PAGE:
Securing Private Data On Your Mac Using An Encrypted Disk Image

Last modified
Wednesday, February 24, 2021

Though I’m not always the best writer, I do enjoy writing down my thoughts from time to time. There’s just one problem with that. It’s not secure.

Sure, there are all kinds of apps for the mac and your I device that allow you to journal. However, most of the apps I have seen are only somewhat usable, or just way too fancy for what I want to do. I played with the MacJournal app for the mac a few months ago, but I was not impressed. It would always crash on me while I was writing, and I finally just tossed it out the window, so to speak. So, now, what to do?

I had a few personal documents scattered around the mac, well in the documents folder of course, but I was always afraid of prying eyes. OK, I understand what some are thinking. Turn off your computer when your not using it, and you will be fine. Yes, this is true, and for the most part I do. There’s always just that one part of me that has always wanted to take that extra step. So, how can we make our files and important data more secure? Enter the encrypted disc image.

In simple terms, it is a partition you create that is… Well… Encrypted. Once created, you may access the DMG file at any time, just like you would any other DMG, or disc image file. You enter your Password, and a new volume appears on your desktop, allowing you to save and write data, just as you would anywhere. Once your finished, you simply eject the volume, and your data is secure. For now, I see this as the best solution for keeping private data secure. Plus, if you do not have the funds to spend on extra software to secure private data, this is the perfect solution, as this way is totally free.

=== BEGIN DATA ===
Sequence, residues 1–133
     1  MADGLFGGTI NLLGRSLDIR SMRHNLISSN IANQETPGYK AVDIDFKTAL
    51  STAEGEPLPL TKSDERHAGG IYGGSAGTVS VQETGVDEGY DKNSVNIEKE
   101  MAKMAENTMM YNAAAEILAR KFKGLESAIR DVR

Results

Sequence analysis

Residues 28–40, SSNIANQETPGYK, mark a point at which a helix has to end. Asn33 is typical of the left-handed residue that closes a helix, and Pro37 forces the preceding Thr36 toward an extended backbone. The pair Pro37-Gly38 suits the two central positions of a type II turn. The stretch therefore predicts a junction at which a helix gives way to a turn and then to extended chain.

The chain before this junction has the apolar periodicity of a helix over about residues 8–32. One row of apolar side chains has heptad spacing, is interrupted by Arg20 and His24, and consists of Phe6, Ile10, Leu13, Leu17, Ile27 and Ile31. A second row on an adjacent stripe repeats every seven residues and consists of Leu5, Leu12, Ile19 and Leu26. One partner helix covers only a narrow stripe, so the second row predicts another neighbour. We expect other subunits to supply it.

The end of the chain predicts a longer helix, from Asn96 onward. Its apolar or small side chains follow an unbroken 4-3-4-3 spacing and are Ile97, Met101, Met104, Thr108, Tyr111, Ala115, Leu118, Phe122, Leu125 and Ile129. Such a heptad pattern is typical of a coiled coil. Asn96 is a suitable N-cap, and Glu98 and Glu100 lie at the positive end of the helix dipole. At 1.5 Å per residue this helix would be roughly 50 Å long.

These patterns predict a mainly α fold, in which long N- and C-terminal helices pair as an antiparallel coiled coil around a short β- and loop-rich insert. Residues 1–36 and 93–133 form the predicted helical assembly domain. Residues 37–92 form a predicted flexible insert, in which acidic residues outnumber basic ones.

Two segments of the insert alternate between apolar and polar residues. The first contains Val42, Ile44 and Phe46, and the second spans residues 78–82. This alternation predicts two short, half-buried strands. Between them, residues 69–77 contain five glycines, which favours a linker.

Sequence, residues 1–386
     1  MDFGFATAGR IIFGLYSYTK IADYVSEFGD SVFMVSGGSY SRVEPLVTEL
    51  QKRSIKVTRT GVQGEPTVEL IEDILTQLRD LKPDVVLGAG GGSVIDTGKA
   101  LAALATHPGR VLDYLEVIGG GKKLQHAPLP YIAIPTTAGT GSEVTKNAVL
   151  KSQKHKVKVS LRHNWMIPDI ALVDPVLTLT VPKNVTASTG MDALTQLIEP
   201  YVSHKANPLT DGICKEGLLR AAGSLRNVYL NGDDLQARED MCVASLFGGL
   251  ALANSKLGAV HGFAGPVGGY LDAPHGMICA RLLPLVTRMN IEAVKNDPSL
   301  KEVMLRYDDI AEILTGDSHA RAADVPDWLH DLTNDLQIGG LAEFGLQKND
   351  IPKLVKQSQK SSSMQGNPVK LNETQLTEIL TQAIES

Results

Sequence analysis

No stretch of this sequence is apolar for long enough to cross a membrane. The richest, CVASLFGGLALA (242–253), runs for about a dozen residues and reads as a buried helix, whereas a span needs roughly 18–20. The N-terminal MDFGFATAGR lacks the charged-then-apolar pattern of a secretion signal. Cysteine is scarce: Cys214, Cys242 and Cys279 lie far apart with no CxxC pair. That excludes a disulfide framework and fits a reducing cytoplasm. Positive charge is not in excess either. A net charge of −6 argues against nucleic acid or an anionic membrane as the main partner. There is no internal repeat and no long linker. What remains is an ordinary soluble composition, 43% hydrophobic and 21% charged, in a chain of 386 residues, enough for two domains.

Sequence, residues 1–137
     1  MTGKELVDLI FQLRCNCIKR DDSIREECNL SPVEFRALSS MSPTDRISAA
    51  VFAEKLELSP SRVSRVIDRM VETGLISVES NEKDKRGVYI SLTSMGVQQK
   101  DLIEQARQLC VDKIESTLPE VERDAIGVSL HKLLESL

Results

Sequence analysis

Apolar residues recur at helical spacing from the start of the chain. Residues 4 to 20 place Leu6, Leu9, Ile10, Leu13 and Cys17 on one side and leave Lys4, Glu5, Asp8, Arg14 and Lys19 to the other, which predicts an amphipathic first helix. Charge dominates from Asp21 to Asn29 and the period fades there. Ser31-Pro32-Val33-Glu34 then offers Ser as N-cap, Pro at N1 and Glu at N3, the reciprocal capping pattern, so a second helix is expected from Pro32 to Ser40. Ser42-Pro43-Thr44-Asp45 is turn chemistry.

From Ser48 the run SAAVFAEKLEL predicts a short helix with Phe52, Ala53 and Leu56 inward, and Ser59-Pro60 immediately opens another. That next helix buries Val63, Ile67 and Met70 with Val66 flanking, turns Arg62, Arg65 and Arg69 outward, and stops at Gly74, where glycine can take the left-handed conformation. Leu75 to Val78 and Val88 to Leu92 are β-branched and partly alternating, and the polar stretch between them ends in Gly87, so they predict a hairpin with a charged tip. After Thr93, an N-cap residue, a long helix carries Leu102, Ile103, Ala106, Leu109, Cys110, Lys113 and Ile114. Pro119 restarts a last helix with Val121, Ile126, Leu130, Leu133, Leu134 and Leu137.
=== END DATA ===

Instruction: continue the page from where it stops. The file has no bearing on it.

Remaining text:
So, how do we do this? Let me start off by saying, this is a very simple process, even if your not real advanced with the Mac. It’s just a matter of following the prompts.

  1. Open the utilities folder with the keystroke, Command plus Shift Plus U. The Utilities folder is under the Applications folder in case anyone is wondering.
  2. Locate the Disc Utility, and press Command plus O to open it.
  3. Press Command-N to open the dialog to create a new blank disk image.
  4. You will be placed in the save as name field. Obviously, this is where we name the image. Give the image a name that is meaningful to you. For the purpose of this guide, let’s call it “TechTips” Excluding the quotes of course. From here, we will want to use our VO commands. That is, VO right, and VO Left arrows.
  5. VO Right to the normal popup menu that asks where you want to save your image. It should default to Desktop. If not, choose it from the popup menu, or simply press Command Shift D to choose Desktop. VO right until you land in another name field. Give it the same name as in step four, TechTips. This ensures that the volume inside the disc image has the same name as the image itself. If you decided to put something else in this field, the volume will have a different name. For instance, in step four, we put “TechTips” in the save as field. Let’s say you decide to put the name “AppleVis” in this second name box. When the image is created, the DMG will say “TechTips” and the volume you see once your image is successfully open will say “AppleVis”. So to avoid confusion, I would recommend the same name in both fields. In this case, it’s “TechTips”